Friday, November 30, 2012

The Mighty Caesar Augustus + His Finite Empire Vs. The Humble King of Kings + His Eternal Kingdom

Grace Church is about to begin a new sermon series entitled, Thy Kingdom Come.  We’ll be spending 5 weeks reflecting on the advent (coming) of our Messiah.  The word Messiah comes from a Hebrew term which means "anointed one." Its Greek counterpart is Christos, from which we get the word Christ.  Christ was not Jesus' last name! It was his title and his calling. The Messiah/Christ was a promised future king who would rule on David's throne, forgive sinners, restore justice and establish a forever kingdom of love, joy, peace, and love (e.g., Isaiah 9:6-7).  Jesus came teaching us to live in light of the coming kingdom (Matthew 4:17).  He taught us to long for and pray this coming kingdom.  And he was born so that he could die in order to bring forth this great kingdom.  This is what Christmas is all about!

I’m getting ready to preach tomorrow about two kingdoms – The Roman Empire vs. The Kingdom of God.  Many present day Christians do not comprehend the political, economical, and sociological context of Jesus’ day.  And for that reason, it’s hard to grasp the full message of the N.T. writers.  The message of Christ and the Gospel of God’s Kingdom (Matthew 4:23) was an incredibly volatile political message.  When you look at it through a historical lens, It is no wonder why the early was so persecuted and it is equally clear why the revolution of Christianity spread like wildfire through an oppressed people under Roman tyranny.

I found the following article by Doug Wilson, very helpful and I wanted to pass it along…
Who was this Caesar Augustus? Why does Luke bring him into the story? Much more is involved that a simple time indicator. Octavius as a young man was the adopted son of Julius, and the heir apparent. By the birth of Jesus he had assumed the throne, and was the emperor. In 40 B.C. a blasphemous coin was struck in Gaul which showed the two-headed god Janus, with Julius on one side and Octavius on the other. The inscription said, "The divine Caesar-and the Son of God." There was an Egyptian inscription which said that Octavius was a marvelous star, "shining with the brilliance of the great heavenly Saviour. Then, in 17 B.C. when a strange star appeared in the heavens, and Augustus commanded a twelve day Advent celebration, a ceremonial embrace of Virgil’s statement: "The turning point of the ages has come!" During the reign of Augustus, the cult of explicit emperor worship took firm root, especially in Asia Minor. This region was to become the center of persecution of Christians-and for this precise reason. Even his taken name indicates the problem. The ruling title Augustus was taken by him, which means "worthy of reverence and worship." He was, in short, homo imperisosus. Caesar Augustus was simply the last in a long line of ancient men who believed in humanistic empire. But God was sending another kind of emperor, and another kind of empire entirely.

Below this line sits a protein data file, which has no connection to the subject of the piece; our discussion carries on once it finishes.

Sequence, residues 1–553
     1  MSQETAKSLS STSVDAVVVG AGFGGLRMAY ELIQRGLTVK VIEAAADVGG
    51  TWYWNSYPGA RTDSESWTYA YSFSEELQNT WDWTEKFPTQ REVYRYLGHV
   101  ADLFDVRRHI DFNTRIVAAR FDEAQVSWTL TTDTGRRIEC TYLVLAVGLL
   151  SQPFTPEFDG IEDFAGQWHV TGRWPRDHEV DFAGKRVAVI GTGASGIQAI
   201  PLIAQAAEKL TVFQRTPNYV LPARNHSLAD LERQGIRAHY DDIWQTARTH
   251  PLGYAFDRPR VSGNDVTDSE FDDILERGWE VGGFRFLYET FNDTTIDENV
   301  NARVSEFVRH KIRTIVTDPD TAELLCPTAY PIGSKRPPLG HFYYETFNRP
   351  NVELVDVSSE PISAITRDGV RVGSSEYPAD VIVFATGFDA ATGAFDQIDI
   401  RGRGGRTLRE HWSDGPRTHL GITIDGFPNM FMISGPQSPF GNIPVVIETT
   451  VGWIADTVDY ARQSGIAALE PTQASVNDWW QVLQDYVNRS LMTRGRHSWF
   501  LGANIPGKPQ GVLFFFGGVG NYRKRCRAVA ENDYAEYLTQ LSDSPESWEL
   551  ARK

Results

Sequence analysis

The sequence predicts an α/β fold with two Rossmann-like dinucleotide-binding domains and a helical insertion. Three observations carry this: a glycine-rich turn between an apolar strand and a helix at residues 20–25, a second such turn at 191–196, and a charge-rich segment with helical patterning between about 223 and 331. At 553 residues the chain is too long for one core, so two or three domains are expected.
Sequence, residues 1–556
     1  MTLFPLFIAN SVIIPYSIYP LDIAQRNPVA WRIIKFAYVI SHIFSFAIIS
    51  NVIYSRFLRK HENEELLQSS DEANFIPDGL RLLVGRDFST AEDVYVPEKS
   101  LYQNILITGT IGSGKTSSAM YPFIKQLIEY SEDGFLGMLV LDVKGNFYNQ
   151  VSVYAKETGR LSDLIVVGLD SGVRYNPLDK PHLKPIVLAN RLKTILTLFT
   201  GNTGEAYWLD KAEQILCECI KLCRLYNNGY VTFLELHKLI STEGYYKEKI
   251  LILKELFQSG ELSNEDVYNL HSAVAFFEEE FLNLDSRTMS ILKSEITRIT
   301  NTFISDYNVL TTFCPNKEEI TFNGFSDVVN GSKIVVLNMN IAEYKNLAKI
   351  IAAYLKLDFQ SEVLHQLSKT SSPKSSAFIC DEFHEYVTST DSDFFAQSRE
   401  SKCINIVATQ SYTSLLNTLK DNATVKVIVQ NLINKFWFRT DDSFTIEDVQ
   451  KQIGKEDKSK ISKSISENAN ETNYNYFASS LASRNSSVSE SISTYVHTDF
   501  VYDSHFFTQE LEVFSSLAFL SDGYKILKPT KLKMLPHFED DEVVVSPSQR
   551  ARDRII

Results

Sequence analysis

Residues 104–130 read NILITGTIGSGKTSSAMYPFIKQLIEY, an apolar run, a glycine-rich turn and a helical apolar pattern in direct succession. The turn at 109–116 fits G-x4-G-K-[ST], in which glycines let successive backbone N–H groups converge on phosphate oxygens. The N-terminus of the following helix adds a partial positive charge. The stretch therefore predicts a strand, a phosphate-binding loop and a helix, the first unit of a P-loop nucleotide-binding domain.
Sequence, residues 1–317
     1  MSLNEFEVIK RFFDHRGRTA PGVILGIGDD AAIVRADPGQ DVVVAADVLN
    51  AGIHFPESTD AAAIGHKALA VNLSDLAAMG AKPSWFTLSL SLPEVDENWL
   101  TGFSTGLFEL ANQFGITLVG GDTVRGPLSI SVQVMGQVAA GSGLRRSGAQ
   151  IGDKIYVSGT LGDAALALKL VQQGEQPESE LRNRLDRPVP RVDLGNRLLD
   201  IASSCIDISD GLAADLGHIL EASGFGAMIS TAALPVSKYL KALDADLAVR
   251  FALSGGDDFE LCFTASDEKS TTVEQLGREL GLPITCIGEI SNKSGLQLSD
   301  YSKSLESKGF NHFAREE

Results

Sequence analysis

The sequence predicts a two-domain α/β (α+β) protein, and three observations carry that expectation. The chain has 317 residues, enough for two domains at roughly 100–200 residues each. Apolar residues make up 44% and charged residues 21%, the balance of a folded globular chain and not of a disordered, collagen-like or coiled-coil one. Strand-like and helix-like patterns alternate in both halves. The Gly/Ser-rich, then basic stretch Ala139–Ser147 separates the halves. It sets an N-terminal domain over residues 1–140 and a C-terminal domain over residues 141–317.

This is what gives force to Luke's juxtaposition. Given what Luke understood about Caesar Augustus, and the identity of the Christ, this story from his gospel has to be seen as a rivalry of kings. The fact that Christ was born in Bethlehem-thus fulfilling the prophecy of God-as the result of a command from Caesar (to tax!) has to be seen as a supreme irony. If the rulers of that age had known what they were doing, they would not have crucified the Lord of glory (1 Cor. 2:8). And of course, the problem was evident even earlier. Had they known what they were doing, Augustus would not have lifted his finger to tax the world. But he only did this because God lifted His finger-to save the world. 
God sent Christ to bind the strong man. "When a strong man armed keepeth his palace, his goods are in peace: But when a stronger than he shall come upon him, and overcome him, he taketh from him all his armour wherein he trusted, and divideth his spoils. He that is not with me is against me: and he that gathereth not with me scattereth" (Luke 11:21-23). Luke knows what he doing here. Matthew records that Herod knew of the threat. But Augustus knew nothing of it, and Christ came to conquer the world-his throne is David’s and His kingdom will never end (Luke 1:32-33) This is the accusation against Him later (Luke 23:2). Luke also records the defiance of Peter and John-"Neither is there salvation in any other: for there is none other name under heaven given among men, whereby we must be saved" (Acts 4:12). They are quoting from a coin which ascribed this same saving authority to Augustus. The early Christians preached another kind of saving king, contrary to counterfeit salvation offered by Caesar (Acts 17:7). And we should note in passing that it is no offense against the magistrate to acknowledge that Christ rules over him (Acts 25:8). 
Christmas therefore reminds us of the fundamental antithesis. And in response, we have three basic options-we can affirm the antithesis (by faith alone), or we can blur or deny the antithesis, or we can misplace the antithesis. When it comes to the celebration of festivals like Christmas, our role is not to blend in with an unbelieving crowd. What does the holiday mean? It means the kingdom of God, not man. 
Where do we start? What are we to do? Begin at the beginning-do not run before you walk. Remember God’s Son, God’s word, God’s day.Remember the contrast of kings-remember the rival saviors. But we have a Savior, which is Christ the Lord (Luke 2:11). And here is true potency-the power we have is in the name of our king. There is no other name which brings salvation.

Monday, November 26, 2012

Doing Community Together at Grace Church...

What are Grace Church Community Groups?